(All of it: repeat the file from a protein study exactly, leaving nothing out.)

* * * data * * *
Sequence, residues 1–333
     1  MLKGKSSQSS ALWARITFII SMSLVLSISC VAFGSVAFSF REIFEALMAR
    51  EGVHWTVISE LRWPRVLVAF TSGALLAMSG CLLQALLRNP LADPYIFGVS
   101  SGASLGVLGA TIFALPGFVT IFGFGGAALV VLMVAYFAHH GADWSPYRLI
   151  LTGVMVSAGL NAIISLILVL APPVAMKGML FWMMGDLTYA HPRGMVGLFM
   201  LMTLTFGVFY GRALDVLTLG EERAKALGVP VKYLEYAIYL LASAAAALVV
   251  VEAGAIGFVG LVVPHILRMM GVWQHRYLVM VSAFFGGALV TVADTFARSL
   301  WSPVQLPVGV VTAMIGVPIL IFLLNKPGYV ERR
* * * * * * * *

Sequence, residues 1–333
     1  MLKGKSSQSS ALWARITFII SMSLVLSISC VAFGSVAFSF REIFEALMAR
    51  EGVHWTVISE LRWPRVLVAF TSGALLAMSG CLLQALLRNP LADPYIFGVS
   101  SGASLGVLGA TIFALPGFVT IFGFGGAALV VLMVAYFAHH GADWSPYRLI
   151  LTGVMVSAGL NAIISLILVL APPVAMKGML FWMMGDLTYA HPRGMVGLFM
   201  LMTLTFGVFY GRALDVLTLG EERAKALGVP VKYLEYAIYL LASAAAALVV
   251  VEAGAIGFVG LVVPHILRMM GVWQHRYLVM VSAFFGGALV TVADTFARSL
   301  WSPVQLPVGV VTAMIGVPIL IFLLNKPGYV ERR